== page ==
How the second-home market is changing development in Europe

As a director in the international development consultancy department at Savills, Alex Moulas specializes in the branded residences sector, working on projects with Marriott International, Four Seasons, Hilton, Mandarin Oriental, Six Senses, Belmond, Viceroy and others. 

Moulas is heavily involved in investment sales of development projects (disposals and acquisitions), performing due diligence on behalf of vendors and buyers, advising on exit strategies (direct disposal/acquisition, joint ventures, vertical development), preparing complex financial appraisal models, coordinating marketing and sales process and teams, negotiating and closing deals. 

At the Mediterranean Resort & Hotel Real Estate Forum, Oct. 17-19 in Athens, Moulas will host a residential market overview, sharing his insights with attendees.

Mediterranean Resort & Hotel Real Estate Forum

Experience the Opportunities in Mediterranean Resort Investment | 17–19 October 2018

Join 300 of your industry peers at the 4th annual MR&H in Athens, Greece, to experience exclusive investment and development opportunities available in the Mediterranean.

Ahead of the conference, he discussed the best opportunities for investment in Europe, the impact of golden visa policies on the second-home market and whether developers should opt for branded or unbranded residences in the Mediterranean. 

1. In what markets are you seeing the best opportunities and why?

It depends on your perspective. Are you, for example, a developer, an investor or a second-home buyer? Each of those stakeholders may have somewhat different drivers and objectives to one another; however, they all try to maximize the value of their investment.

From a developer’s perspective, the key motivation is to invest in mature and established markets with strong domestic and foreign demand where development costs are relatively balanced. Given that developers have a longer investment horizon, as they are typically profit-on-cost driven, they avoid emerging or volatile markets. Spain, Portugal and Italy are high on their radar.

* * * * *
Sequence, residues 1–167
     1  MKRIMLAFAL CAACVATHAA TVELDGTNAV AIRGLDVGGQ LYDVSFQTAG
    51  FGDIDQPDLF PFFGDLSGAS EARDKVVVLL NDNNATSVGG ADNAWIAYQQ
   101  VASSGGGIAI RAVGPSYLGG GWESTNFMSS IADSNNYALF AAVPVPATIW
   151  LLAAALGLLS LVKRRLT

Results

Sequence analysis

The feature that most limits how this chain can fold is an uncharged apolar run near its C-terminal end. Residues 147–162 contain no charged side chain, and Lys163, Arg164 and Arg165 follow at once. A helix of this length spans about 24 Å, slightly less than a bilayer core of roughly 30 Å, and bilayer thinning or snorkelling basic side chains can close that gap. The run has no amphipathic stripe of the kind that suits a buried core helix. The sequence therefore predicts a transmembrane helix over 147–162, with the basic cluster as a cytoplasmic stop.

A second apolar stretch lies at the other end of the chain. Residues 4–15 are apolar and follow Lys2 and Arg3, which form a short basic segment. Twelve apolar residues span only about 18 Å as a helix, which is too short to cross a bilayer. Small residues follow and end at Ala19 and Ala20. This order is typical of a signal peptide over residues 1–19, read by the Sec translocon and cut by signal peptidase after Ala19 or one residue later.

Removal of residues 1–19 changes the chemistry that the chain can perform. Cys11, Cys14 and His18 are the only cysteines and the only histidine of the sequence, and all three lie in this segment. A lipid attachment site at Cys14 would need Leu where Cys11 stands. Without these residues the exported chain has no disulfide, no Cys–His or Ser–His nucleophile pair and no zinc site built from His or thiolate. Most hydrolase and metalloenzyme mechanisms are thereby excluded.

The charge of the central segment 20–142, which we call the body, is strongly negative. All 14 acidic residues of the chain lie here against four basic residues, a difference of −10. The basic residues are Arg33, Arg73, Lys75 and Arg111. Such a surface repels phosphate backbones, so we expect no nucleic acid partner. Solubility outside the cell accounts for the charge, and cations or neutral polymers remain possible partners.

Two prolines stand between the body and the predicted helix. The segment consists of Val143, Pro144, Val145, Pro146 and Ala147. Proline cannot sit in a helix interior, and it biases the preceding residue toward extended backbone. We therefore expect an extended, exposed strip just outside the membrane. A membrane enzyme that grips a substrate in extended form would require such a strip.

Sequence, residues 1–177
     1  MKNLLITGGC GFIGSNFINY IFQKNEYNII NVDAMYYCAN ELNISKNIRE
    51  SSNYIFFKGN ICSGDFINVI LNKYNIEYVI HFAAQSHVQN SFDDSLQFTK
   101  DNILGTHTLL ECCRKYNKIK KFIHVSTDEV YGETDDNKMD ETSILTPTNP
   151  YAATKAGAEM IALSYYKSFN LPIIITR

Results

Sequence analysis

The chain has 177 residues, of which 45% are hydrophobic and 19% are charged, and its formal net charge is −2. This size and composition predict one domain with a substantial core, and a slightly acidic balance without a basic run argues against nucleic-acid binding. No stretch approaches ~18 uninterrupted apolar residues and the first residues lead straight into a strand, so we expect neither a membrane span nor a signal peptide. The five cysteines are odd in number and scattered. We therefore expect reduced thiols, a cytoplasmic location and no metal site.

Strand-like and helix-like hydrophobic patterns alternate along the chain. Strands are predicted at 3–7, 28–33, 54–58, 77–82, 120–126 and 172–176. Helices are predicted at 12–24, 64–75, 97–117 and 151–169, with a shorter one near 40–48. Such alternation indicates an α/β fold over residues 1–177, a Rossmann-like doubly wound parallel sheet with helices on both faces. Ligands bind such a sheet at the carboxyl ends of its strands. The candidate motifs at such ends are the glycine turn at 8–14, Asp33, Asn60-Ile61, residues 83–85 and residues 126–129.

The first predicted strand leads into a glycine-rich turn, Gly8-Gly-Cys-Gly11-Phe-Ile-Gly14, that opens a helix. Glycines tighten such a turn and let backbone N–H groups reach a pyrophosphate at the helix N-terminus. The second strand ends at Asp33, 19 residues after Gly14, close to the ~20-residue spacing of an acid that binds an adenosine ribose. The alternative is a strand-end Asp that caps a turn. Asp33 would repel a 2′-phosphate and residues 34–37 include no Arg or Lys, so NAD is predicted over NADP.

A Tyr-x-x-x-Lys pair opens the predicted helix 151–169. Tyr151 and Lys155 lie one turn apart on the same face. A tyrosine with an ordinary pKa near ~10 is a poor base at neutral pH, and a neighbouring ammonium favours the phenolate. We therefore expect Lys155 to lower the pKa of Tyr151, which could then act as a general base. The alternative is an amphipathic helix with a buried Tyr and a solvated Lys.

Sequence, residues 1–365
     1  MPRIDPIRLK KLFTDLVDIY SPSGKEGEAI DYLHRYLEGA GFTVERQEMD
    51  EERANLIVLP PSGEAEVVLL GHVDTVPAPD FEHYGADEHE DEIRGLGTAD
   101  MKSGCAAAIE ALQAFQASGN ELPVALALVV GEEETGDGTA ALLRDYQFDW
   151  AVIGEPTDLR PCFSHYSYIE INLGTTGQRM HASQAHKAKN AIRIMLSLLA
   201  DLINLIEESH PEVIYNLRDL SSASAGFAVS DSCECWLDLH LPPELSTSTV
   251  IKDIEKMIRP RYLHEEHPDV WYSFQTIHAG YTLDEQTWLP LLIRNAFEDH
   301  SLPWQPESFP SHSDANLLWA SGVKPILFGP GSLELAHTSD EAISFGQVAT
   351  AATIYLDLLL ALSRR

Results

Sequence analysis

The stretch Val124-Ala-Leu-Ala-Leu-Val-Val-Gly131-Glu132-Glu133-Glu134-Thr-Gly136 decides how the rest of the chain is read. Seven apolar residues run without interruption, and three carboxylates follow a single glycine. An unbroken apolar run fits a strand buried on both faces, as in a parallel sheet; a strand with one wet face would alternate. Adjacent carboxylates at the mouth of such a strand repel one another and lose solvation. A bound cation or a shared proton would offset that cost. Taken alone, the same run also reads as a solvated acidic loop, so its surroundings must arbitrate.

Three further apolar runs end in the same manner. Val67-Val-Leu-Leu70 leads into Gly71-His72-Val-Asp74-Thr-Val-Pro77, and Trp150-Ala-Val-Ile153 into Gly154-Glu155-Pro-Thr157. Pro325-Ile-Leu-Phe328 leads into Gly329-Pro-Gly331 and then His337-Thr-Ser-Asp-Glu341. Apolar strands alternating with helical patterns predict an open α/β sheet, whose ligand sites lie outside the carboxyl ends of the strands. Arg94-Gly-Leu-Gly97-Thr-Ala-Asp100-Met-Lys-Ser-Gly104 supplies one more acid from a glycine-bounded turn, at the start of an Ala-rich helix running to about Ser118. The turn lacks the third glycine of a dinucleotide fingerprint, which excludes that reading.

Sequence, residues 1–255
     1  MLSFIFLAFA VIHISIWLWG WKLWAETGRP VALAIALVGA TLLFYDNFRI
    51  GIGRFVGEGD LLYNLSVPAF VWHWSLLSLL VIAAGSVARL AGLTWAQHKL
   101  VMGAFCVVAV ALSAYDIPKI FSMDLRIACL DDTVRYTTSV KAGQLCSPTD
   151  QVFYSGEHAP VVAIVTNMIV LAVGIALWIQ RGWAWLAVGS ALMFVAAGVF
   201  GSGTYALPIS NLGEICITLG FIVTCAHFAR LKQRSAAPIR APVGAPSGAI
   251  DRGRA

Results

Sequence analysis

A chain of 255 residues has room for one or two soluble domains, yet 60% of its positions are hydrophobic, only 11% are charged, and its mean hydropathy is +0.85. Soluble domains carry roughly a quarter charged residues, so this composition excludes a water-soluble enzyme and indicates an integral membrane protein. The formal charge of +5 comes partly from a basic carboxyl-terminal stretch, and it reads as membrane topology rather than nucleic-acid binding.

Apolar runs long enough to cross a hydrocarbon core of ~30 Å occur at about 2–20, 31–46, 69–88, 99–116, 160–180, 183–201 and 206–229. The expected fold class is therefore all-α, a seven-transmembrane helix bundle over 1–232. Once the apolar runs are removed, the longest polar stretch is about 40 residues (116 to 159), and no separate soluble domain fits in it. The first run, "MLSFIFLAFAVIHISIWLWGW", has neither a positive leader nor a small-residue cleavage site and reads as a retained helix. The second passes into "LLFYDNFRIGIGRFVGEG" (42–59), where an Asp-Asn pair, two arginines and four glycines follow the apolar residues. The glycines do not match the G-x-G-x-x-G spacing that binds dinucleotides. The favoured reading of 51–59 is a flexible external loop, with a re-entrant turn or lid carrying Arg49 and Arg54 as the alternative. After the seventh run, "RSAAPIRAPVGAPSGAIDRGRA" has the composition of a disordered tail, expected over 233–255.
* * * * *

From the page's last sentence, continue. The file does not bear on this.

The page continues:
On the other hand, investors in the resort space in the Mediterranean are time- and yield-sensitive, as they are primarily [internal-rate-of-return] driven. This means that they typically require a fast exit in five to seven years, or even shorter in some cases, and over 18 percent-20 percent IRR. Well established touristic and second-home markets, such as Spain and Portugal, are prime targets yet expensive, and therefore, investors have started looking in new less mature markets, such as Greece, Cyprus and Montenegro, in order to find the required returns. 

From the second-home buyer perspective, the key driver varies depending on the key purchase motivation, for example, lifestyle versus investment. For lifestyle buyers, the traditional prime markets are the Algarve (Portugal), Costa del Sol (Spain), the French Riviera and Sardinia (Italy), while there is lately an influx of [high-net-worth individuals] investing into Citizenship (EU Passport) programs in markets like Limassol (Cyprus). For investment-driven buyers, strong rental markets and specific projects offering high yields (sometime fixed for a number of years) are the priority, again focusing on Portugal, Spain, France and Montenegro.

2. What is the profile of the second-home buyer in the Mediterranean, and is it changing?

Alex Moulas, Savills. Photo credit: Savills

The profile of second-home buyer in the Mediterranean has changed significantly over the past 20-30 years, and it is expected to keep evolving in the future as a result of an ever-changing political, economic, demographic and technological landscape across the globe as well as developing travel/holiday preferences, lifestyles and purchase motivations of the second-home buyers.